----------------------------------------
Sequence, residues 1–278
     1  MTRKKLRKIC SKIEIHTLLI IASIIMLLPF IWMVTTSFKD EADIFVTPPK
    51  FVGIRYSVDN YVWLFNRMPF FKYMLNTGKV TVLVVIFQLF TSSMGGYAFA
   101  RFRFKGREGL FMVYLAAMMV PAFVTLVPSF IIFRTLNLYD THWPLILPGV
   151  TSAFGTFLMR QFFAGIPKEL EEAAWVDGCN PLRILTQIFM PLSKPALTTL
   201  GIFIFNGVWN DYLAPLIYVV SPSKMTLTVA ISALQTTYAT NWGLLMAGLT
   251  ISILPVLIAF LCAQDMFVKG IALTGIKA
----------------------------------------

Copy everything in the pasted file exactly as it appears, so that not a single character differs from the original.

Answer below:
Sequence, residues 1–278
     1  MTRKKLRKIC SKIEIHTLLI IASIIMLLPF IWMVTTSFKD EADIFVTPPK
    51  FVGIRYSVDN YVWLFNRMPF FKYMLNTGKV TVLVVIFQLF TSSMGGYAFA
   101  RFRFKGREGL FMVYLAAMMV PAFVTLVPSF IIFRTLNLYD THWPLILPGV
   151  TSAFGTFLMR QFFAGIPKEL EEAAWVDGCN PLRILTQIFM PLSKPALTTL
   201  GIFIFNGVWN DYLAPLIYVV SPSKMTLTVA ISALQTTYAT NWGLLMAGLT
   251  ISILPVLIAF LCAQDMFVKG IALTGIKA